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I recently read an explanation of the differences between pasteurized/ultra-pasteurized.
It is mostly a temperature/time difference.

The article also mentioned that what is sold in the EU as 'pasteurized' milk would need to be sold in the U.S. as 'raw milk'.
It is pasteurized at a lower temperature, and thus does not meet USDA's standards of 'pasteurized'.

 
David Livingston
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Hi John
So in effect it might be our UHT is your pasturised and your UHT is our ..... er ... prosessed cheese?
Dont forget where the word comes from I suspect Louis Pasture drank more milk 'cru' than not

David
 
Jeanne Boyarsky
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John: Interesting that the words might not even mean the same thing.

David: Yogurt maybe?
 
John Polk
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So in effect it might be our UHT is your pasturised...

UHT is UHT everywhere I believe.
Awful stuff unless you live where refrigeration is not available, or you need to store a long supply.

So, I guess that if we were create a scale, it would go something like this:

* Raw
* EU Pasteurized
* US Pasteurized
* Ultra Pasteurized
* UHT

The further you get from raw, the longer that it will remain 'safe' at non-refrigerated temperatures, but also the further it gets from being a natural product.

From my research, it appears that homogenizing might be a bigger problem than Pasteurization.
The homogenizing breaks the fat tissues into such fine particles that they cannot rejoin. This has been shown to cause these particles to directly enter your blood stream. A suspicious candidate for many blood related illnesses - clots, strokes, clogged arteries, etc.

 
Leila Rich
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John Polk wrote:UHT is UHT everywhere I believe

Now I'm really confused! organic valley says they're the same thing.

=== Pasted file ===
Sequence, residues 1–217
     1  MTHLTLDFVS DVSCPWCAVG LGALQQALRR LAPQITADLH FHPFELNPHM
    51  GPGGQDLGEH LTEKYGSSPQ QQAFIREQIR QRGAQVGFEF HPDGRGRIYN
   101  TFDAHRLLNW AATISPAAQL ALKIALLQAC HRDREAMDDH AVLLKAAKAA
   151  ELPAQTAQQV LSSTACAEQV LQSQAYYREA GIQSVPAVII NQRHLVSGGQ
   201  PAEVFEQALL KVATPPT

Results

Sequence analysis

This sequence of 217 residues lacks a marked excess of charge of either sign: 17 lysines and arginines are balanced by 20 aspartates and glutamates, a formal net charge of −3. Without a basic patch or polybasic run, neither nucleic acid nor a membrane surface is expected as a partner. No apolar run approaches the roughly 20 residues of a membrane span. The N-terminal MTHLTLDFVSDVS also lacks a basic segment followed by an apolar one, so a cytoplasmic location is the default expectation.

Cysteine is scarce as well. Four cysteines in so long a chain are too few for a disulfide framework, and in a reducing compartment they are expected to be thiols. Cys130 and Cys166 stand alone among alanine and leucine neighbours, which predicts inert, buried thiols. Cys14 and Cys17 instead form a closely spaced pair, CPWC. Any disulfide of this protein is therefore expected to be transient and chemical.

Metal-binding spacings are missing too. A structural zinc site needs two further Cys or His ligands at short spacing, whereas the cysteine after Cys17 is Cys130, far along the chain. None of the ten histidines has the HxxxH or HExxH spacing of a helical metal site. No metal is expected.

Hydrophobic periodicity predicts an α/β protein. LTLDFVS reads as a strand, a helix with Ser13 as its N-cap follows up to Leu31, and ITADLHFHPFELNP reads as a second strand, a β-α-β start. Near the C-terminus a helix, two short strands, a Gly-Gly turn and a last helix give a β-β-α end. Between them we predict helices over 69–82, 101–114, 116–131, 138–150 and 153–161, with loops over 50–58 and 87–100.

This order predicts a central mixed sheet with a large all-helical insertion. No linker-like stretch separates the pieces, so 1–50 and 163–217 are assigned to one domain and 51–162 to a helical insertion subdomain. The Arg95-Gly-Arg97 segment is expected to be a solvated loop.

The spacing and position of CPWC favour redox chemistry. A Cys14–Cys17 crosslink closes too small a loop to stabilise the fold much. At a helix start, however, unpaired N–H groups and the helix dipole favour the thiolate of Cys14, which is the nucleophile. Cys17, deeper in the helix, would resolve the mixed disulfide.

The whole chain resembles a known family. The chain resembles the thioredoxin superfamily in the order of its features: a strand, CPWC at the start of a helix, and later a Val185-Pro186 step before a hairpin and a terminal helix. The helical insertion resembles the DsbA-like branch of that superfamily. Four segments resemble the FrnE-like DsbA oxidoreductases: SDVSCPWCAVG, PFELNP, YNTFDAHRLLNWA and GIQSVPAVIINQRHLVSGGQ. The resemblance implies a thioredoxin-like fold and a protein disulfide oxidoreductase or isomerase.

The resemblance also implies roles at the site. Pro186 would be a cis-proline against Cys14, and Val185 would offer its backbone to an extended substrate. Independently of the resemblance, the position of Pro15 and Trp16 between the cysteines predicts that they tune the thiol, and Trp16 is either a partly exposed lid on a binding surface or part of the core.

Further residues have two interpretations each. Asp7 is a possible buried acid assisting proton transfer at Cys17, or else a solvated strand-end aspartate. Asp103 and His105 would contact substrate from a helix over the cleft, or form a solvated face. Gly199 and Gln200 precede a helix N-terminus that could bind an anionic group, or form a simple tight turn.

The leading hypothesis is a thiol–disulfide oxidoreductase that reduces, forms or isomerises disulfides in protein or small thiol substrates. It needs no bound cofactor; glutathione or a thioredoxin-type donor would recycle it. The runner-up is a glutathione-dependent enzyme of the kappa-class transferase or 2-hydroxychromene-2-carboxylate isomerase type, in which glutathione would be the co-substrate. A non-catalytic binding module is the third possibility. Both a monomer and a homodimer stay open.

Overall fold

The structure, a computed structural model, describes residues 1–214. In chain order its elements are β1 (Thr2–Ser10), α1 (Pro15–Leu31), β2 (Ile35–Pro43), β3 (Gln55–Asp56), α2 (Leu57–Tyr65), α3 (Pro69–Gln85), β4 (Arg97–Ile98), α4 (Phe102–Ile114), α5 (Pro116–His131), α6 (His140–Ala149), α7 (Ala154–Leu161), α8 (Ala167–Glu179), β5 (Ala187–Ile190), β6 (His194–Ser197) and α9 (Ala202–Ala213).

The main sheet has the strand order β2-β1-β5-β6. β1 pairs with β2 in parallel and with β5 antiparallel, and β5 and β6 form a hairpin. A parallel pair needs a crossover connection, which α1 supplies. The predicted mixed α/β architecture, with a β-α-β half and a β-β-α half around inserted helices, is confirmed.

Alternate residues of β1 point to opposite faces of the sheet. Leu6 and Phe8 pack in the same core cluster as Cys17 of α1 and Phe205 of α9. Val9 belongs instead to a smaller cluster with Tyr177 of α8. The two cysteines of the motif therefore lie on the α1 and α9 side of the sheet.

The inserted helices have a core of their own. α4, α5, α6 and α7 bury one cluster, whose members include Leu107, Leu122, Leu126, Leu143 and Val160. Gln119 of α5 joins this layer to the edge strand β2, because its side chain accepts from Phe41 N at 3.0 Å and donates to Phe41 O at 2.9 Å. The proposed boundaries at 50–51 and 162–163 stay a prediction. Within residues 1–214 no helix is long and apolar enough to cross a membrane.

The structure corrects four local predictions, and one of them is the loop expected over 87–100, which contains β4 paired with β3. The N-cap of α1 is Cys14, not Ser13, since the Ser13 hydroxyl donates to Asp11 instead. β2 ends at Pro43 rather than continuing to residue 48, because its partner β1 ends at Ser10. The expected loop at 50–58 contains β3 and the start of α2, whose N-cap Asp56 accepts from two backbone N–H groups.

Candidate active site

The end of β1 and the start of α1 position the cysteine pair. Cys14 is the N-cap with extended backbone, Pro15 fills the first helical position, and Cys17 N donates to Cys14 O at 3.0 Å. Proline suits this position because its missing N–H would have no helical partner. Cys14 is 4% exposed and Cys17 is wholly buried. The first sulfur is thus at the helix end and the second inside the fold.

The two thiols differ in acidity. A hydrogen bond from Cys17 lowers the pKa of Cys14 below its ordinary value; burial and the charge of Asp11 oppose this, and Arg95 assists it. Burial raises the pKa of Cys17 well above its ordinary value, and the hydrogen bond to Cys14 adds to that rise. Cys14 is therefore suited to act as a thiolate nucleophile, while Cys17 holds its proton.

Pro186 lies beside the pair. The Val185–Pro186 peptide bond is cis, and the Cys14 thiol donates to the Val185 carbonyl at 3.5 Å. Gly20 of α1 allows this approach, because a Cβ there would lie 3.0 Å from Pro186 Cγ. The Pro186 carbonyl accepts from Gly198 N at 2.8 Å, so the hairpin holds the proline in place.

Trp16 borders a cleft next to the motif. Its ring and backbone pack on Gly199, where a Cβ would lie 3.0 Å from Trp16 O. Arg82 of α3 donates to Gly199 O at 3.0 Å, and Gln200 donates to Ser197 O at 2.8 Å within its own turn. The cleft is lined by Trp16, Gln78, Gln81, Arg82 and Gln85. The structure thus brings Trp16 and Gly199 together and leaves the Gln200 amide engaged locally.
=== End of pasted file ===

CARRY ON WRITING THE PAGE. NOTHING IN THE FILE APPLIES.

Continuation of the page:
John Polk
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The UHT milks I have seen from Europe, Africa, and South America can sit on the shelf, at room temperature for 6-12 months.
Perhaps it is special packaging that helps its shelf life.

A cheese making site that I used to follow stated that Ultra Pasteurized milk could be used for making cheese, but not UHT milk.

 
Ann Torrence
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I gave up and started using powdered organic milk. We mostly use it for oatmeal where the taste is obscured. When I spend 2 gallons of gas to get 1 gallon of milk and that was the only real "need" in the pantry every 10 days, it just wasn't worth the drive. At our county grocery, Organic Valley milk works out to ~$10 gallon, which is more than we pay for raw. And I'd naturally spend even more money for stuff I don't need. And half the time the milk would go bad before I used it all. I keep some pints of half & half and half pints of cream to cook with-they are all ultra-pasteurized and have a month or more shelf life. Powdered milk means I don't have to make that odious drive until we are lacking some essential from the lumber yard or feed store and I can gang up my trips.

DH does bring raw milk from the big city yuppie health food store for cheese-making, but not often enough to count as regular supply. We certainly wouldn't use it up fast enough for daily consumption. The nutritional aspects of dry milk may be suspect, but it's the best we can do right now.

 
Cj Sloane
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John Polk wrote:The UHT milks I have seen from Europe, Africa, and South America can sit on the shelf, at room temperature for 6-12 months.
Perhaps it is special packaging that helps its shelf life.


The OP was asking about Ultra Pasteurized - not UHT like Parmalat (which is available in USA). We established that early on in the thread.
 
Leila Rich
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Cj Verde wrote:The OP was asking about Ultra Pasteurized - not UHT like Parmalat (which is available in USA). We established that early on in the thread.
CJ, you must have missed this part of the conversation:
Leila Rich wrote:
John Polk wrote:UHT is UHT everywhere I believe

Now I'm really confused! organic valley says they're the same thing.
It appears that rightly or wrongly, some American producers use 'UHT' and 'ultrapasteurized' interchangeably.
 
Jeanne Boyarsky
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Cj Verde wrote:The OP was asking about Ultra Pasteurized - not UHT like Parmalat (which is available in USA). We established that early on in the thread.

That's ok. The change in direction of the topic is interesting too.